Lydia Jenkin talks to the very British Damian Lewis, better known for his very American roles.
He's made a name for himself playing Americans - first as a heroic soldier in Band of Brothers, and then as a wrongly imprisoned detective, in Life.
But the distinctively red-headed Damian Lewis is actually a formally trained British actor.
Down the line from his home in London, his Old Etonian accent is refreshingly different from his flawless American television twang, but Lewis is as serious as any of his characters as he discusses his latest role - Marine Sergeant Nicholas Brody in the Golden Globe-winning series, Homeland.
The show (based on Israeli series Hatufim and written by some of the team behind 24), tackles ideas of terrorism from within, post-traumatic stress disorder, the politics of responsibility, and the natures of good and evil. All of which might be viewed as pretty challenging TV material for the American public, but it's been well received, while also provoking debate.
"Politically I think it's a liberal show for a very different America than it was 10 years ago. Western governments have gone to war against terror and have been met with pockets of resistance from their own people about the way in which they've gone about it. There's far more doubt.
"The fact that bin Laden was killed hasn't really alleviated the immediacy of the problem, people are still afraid that a terrorist attack might happen, and people aren't sure what faction or rogue element it's going to come from. And what's particularly alarming is that one of their own, a US marine - who is as great a symbol as there is - that someone like that might be turned, and might've started to ask questions about the nature of it all."
Brody is a soldier who has been kept as a prisoner of war in Iraq for eight years, presumed dead by his family and his government.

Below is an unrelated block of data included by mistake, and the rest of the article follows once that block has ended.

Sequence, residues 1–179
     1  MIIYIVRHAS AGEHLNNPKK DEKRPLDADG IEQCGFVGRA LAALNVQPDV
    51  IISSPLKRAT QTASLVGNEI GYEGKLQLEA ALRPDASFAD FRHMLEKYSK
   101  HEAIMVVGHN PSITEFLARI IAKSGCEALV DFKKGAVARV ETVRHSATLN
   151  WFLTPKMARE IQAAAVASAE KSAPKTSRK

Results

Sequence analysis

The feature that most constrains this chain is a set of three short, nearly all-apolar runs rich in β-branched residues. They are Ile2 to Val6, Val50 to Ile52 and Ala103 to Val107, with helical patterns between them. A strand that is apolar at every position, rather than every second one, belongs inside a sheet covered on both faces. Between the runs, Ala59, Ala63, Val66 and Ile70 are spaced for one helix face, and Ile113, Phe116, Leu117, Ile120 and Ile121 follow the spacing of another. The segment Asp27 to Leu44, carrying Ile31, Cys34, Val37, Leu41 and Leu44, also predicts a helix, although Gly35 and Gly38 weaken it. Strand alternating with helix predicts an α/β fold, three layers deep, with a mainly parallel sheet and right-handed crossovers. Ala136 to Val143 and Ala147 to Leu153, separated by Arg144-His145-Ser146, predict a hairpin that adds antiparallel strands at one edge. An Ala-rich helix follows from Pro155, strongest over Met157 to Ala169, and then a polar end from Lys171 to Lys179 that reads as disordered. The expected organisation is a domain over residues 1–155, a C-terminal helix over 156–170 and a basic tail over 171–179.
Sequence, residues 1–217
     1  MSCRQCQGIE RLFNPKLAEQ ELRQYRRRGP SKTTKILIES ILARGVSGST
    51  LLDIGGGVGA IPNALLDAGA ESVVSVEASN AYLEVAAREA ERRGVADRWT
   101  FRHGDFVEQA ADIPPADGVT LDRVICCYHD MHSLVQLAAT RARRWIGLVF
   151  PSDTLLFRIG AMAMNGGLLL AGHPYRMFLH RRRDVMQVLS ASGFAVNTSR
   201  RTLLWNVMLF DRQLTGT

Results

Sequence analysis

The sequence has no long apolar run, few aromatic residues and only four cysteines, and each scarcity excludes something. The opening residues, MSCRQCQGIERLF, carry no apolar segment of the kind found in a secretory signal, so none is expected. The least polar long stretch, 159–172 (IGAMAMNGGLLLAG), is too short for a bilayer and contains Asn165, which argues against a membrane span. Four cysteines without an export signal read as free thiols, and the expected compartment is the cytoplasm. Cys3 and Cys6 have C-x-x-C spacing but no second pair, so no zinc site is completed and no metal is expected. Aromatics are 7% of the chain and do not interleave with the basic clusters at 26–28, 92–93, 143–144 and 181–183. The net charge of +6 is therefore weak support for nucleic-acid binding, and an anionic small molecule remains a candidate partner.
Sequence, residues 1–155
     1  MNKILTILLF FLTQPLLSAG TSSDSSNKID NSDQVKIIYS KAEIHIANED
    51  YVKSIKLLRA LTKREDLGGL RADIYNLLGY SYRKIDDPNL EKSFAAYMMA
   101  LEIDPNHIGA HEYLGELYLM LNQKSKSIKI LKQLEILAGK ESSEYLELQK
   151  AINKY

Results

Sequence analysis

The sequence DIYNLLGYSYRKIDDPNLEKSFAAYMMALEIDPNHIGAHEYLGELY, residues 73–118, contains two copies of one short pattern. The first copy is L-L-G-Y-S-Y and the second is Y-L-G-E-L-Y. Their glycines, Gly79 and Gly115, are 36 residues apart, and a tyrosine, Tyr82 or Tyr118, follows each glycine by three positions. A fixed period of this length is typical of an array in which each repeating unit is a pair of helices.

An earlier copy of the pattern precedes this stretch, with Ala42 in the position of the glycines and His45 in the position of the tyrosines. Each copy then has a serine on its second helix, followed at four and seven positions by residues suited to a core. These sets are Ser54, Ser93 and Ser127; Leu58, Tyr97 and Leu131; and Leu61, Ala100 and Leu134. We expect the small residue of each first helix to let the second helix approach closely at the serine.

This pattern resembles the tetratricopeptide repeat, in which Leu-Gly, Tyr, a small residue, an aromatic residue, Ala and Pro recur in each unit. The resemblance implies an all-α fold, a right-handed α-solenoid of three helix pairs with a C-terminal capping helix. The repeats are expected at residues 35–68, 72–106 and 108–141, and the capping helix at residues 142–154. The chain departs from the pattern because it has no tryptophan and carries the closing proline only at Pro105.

When he's found during a US raid of a terrorist cell and brought home a hero, CIA operative Carrie Mathison, played by Claire Danes, suspects Brody may be planning a terrorist attack.
Right from the get-go it's an edge-of-your-seat, thought-provoking thriller. Brody is a true psychological character study.
A shell-shocked hero, lonely in his memory of horrific experiences, he's trying to piece his life back together, reconnecting with his wife (who has taken up with his best friend) and his estranged young children who hardly know him. But he's also the picture of conflict and suspicion, an intriguing, unpredictable and unstable element.
"The show is very cleverly written, because there is a certain sense of sympathy for a man who's come back from a war zone and is trying to set up again happily with his family, and really struggling. And that remains a real problem, however much the audience suspect something shocking."
Despite having to do some gruelling torture scenes, and some fairly graphic and intimate sex scenes, Lewis' greatest challenge in playing Brody was portraying his ambiguity.
"It's hard. You can end up not making bold choices, and that becomes nebulous and a little unfocused and so you do actually have to make choices and really connect to scenarios as they appear in the script. And if you want to cast doubt in the audience's mind, then it's really about having a quicksilver change of sword. It's about committing to moments freely, and being prepared to come out of those moments and play the next moment fully as well, and have them side by side."
Lewis was keen to make sure Brody's post-traumatic stress was delivered with conviction, and his potential Islamic conversion accurate. "There's a post-traumatic stress unit here in England. I went to visit people who are suffering from it. And, in terms of the Islamic faith, I befriended a local imam in North Carolina where we were shooting and he helped me understand the prayers and rituals, and I'd also done some research here in London at the London Central Mosque."
Though he keeps the American accent up while on set, Lewis finds it easy to slip out of Brody during downtime, and doesn't take his character's demons home to his young family. "I find work incredibly easy to leave behind, I find it much harder revving up for it again, actually."
Undoubtedly a good thing for a man who seems to have a knack for playing characters in such troubling circumstances.
Who: Damian Lewis, British actor who makes a living playing Americans.
Where and when: Monday, TV3, 9.30pm
- TimeOutBy Lydia Jenkin Email Lydia